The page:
Senate Democrats Pitch Judicial Nominees to Trump

WASHINGTON (CN) — Virginia Senators Mark Warner and Tim Kaine sent a letter to the White House recommending President Donald Trump nominate two magistrate judges for a position on a federal court in their state.

The two recommended candidates — U.S. Magistrate Judges Roderick Young and Douglas Miller — would be nominated to a seat on the Norfolk division of the U.S. District Court for the Eastern District of Virginia that is vacant after U.S. District Judge Rebecca Beach Smith took senior status at the beginning of August. Senior status judges are semi-retired and handle a much smaller caseload that active judges.

Sen. Tim Kaine, D-Va., speaks to reporters on Jan. 8, 2020. (AP Photo/J. Scott Applewhite)

“Ultimately, we believe either of these individuals would win confirmation from the Senate and serve capably on the bench,” the senators wrote in the single-page letter, which was announced Friday but dated Thursday. “We are honored to recommend them to you.”

Like many senators, Warner and Kaine, both Democrats, recommended Young and Miller following an assessment from a panel of attorneys in their state.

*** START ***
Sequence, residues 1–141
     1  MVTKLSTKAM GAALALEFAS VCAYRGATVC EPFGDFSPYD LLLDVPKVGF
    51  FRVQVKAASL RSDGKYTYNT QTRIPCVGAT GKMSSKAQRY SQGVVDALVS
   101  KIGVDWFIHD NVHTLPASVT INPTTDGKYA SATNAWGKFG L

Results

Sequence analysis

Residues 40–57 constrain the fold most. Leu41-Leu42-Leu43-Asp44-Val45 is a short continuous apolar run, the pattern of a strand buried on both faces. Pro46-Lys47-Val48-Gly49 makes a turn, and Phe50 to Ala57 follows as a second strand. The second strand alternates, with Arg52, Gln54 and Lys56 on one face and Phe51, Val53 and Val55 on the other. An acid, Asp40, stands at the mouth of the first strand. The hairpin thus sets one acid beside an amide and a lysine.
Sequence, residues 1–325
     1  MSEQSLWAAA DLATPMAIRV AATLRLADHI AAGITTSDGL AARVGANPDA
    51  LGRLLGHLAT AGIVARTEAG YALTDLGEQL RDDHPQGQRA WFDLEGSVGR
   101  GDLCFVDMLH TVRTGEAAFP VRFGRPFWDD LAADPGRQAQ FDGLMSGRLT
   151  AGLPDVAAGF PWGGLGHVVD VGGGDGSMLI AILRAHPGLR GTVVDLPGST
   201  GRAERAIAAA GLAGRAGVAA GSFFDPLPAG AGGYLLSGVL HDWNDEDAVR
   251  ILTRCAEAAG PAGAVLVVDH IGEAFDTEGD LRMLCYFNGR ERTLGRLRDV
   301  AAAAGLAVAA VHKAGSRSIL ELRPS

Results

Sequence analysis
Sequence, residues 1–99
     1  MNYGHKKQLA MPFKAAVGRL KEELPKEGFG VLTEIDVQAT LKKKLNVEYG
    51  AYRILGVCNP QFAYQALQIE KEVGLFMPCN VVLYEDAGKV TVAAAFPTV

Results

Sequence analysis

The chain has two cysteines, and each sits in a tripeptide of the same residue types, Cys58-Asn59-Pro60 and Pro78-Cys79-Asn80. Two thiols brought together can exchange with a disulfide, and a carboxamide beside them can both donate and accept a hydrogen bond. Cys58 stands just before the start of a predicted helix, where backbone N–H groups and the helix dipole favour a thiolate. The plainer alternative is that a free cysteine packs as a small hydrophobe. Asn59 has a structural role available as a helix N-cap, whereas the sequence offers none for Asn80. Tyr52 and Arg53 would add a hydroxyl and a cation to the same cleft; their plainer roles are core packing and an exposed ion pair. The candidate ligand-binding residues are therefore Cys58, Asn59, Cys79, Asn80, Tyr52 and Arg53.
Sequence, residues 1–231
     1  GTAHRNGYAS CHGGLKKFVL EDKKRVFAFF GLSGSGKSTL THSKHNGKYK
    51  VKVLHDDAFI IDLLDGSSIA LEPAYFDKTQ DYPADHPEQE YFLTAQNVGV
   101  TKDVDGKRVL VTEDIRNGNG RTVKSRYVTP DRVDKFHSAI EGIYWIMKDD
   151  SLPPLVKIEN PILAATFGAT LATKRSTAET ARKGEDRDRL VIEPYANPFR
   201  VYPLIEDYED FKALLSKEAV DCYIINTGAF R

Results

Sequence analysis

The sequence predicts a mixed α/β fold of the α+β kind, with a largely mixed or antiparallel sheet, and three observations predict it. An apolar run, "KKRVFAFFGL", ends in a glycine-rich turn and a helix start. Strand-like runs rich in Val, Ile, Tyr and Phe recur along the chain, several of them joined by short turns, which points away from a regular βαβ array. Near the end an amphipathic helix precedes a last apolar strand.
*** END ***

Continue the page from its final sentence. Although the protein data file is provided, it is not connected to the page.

Young took the position as a magistrate judge in 2014, after spending 2002 to 2014 as a federal prosecutor in the Eastern District of Virginia. He eventually rose to deputy criminal supervisor in 2012.

“Recommendations from various bar associations and their individual members within the commonwealth reflect that practitioners would respect his rulings and that litigants would have reassurance of receiving a fair trial,” the letter states.

Miller has been a magistrate judge since 2010 and previously worked as a partner at Patten, Wornom, Hatten & Diamonstein.

“Judge Miller exhibits the professionalism, integrity and fairness sought in a sitting Article III judge, and he has been deeply devoted to his community and the peninsula area where he resides,” the senators wrote.

A White House spokesman declined to comment on the vacancy.

Home-state senators have seen their influence of nominations to federal appeals courts dip during the Trump administration due to changes in what is known in the Senate as the blue slip, but they have maintained control of nominees to lower courts. Under the blue slip tradition, a nominee cannot go forward in the confirmation process unless both of his or her home-state senators sign off.

Former Senate Judiciary Committee Chairman Chuck Grassley, R-Iowa, made it so the lack of two positive blue slips did not impede the progress of nominees to federal appeals courts and current Chairman Lindsey Graham, R-S.C., has continued the practice. Both senators have maintained the blue slip tradition for nominees to federal district courts.

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